Elisa Brown is driving back from her annual, somber visit to her son Silas’ grave when something changes. Actually, everything changes: her car, her clothes, her body. When she arrives back home, her life is familiar — but different. There is her house, her husband. But in the world she now inhabits, Silas is no longer dead, and his brother Sam is disturbingly changed.
So begins Familiar, the most recent novel by J. Robert Lennon. This month, Lennon will serve as the Visiting Hurst Professor of Creative Writing at Washington University in St. Louis.
While on campus, Lennon will present two public events as part of The Writing Program in Arts & Sciences’ fall Reading Series.
Lennon will read present a talk on the craft of fiction at 8 p.m. Tuesday, Nov. 5. In addition, he will read from his work at 8 p.m. Thursday, Nov. 7.
Both events are free and open to the public and take place in Hurst Lounge, Duncker Hall. A reception and book signing will immediately follow each.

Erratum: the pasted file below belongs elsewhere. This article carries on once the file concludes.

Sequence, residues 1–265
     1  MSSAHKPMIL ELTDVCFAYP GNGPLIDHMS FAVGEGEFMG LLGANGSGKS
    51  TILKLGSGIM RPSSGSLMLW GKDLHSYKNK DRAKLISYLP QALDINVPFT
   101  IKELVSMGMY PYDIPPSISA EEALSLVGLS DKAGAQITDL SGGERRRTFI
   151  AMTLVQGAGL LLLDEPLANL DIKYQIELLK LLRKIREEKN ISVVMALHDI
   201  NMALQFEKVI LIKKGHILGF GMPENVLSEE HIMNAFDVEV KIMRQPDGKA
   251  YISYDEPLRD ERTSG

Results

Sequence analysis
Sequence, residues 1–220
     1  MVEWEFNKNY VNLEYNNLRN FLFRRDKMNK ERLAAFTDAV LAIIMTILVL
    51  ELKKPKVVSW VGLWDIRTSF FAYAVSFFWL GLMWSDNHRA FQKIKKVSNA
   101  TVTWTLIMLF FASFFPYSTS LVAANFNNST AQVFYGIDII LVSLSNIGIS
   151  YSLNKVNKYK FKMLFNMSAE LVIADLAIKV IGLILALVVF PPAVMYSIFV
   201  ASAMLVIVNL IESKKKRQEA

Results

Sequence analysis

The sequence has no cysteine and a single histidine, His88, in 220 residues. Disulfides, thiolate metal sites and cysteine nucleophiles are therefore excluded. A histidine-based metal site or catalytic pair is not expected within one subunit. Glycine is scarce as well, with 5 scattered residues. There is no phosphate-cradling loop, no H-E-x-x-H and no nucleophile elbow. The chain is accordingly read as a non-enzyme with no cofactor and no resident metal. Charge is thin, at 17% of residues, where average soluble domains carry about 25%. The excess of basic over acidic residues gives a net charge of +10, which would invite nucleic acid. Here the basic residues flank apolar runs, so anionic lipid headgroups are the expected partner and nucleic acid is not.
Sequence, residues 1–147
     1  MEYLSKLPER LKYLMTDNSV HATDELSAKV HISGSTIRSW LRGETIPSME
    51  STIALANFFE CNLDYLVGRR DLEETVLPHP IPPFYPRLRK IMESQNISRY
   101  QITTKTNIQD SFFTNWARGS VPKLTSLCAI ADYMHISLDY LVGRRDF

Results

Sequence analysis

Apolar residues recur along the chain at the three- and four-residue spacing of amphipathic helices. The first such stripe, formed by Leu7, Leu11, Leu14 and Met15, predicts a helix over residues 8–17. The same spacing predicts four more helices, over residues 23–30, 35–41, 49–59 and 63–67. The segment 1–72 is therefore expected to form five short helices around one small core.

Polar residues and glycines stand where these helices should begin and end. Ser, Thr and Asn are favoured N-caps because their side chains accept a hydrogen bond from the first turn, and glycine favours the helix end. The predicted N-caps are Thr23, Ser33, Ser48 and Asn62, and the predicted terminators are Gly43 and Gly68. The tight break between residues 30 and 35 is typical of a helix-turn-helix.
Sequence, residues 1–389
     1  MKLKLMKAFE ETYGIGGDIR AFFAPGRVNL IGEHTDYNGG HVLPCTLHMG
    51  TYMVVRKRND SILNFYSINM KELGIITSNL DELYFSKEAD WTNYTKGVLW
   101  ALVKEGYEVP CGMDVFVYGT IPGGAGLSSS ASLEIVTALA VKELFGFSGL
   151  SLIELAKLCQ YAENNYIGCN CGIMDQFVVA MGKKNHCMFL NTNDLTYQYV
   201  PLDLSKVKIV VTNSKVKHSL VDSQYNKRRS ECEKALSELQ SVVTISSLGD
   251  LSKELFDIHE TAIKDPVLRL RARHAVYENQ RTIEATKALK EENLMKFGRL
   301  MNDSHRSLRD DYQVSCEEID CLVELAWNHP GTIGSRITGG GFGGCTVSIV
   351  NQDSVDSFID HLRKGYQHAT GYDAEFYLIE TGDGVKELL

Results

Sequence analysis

For more information, call (314) 935-7428.
J. Robert Lennon
Lennon is the author of a story collection, Pieces For The Left Hand, and seven novels, including Mailman, Castle and Happyland.
“Over the last decade, J. Robert Lennon’s literary imagination has grown increasingly morbid, convoluted and peculiar,” writes The New York Times Book Review, “just as his books have grown commensurately more surprising, rigorous and fun.”
Lennon holds a master’s degree in fine arts from the University of Montana, and he has published short fiction in The New Yorker, Harper’s Magazine, Playboy, Granta, The Paris Review, Electric Literature and elsewhere. He has been anthologized in Best American Short Stories, Best American Nonrequired Reading and Prize Stories: The O. Henry Awards. His story “The Rememberer” inspired the CBS detective series Unforgettable.
Lennon lives in Ithaca, New York, and teaches writing at Cornell University. He hosts the podcast Writers at Cornell, and co-hosts another, Lunch Box, with poet Ed Skoog. His book reviews have appeared in The New York Times Book Review, The Guardian and the London Review of Books.